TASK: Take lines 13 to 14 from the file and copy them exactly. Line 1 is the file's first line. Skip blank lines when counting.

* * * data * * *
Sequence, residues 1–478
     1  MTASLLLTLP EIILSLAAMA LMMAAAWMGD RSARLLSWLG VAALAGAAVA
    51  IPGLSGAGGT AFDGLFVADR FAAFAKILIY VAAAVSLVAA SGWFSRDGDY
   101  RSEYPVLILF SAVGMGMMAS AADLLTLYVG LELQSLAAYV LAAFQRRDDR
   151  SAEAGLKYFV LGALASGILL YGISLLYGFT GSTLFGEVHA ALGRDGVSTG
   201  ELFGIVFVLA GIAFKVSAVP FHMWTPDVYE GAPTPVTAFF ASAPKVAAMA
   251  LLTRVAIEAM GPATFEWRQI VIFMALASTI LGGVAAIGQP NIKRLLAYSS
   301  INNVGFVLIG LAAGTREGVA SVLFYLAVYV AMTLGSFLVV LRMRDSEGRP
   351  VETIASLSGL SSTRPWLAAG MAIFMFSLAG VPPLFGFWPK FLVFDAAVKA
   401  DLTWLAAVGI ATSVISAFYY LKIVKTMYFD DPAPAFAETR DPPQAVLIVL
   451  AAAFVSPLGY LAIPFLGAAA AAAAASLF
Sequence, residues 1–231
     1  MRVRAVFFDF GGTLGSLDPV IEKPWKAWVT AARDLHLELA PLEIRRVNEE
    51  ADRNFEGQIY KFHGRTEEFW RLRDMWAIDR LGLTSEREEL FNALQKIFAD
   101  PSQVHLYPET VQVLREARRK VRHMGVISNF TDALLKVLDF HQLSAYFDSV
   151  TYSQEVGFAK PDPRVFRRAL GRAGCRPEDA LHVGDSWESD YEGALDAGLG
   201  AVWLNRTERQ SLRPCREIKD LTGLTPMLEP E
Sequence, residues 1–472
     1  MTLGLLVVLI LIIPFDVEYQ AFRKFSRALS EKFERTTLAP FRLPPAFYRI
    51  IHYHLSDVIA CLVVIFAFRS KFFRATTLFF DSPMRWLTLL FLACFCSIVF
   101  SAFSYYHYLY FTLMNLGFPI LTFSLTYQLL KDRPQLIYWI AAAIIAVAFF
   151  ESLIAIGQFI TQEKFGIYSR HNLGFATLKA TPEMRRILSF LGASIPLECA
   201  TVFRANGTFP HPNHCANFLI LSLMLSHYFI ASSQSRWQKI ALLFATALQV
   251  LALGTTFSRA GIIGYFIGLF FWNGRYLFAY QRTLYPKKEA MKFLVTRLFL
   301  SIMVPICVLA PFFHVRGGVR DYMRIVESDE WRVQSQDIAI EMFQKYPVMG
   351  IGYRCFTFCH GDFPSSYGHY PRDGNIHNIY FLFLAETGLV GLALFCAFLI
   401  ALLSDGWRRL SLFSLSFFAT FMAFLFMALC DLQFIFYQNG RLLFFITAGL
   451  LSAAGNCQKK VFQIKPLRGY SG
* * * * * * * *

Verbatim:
     1  MRVRAVFFDF GGTLGSLDPV IEKPWKAWVT AARDLHLELA PLEIRRVNEE
    51  ADRNFEGQIY KFHGRTEEFW RLRDMWAIDR LGLTSEREEL FNALQKIFAD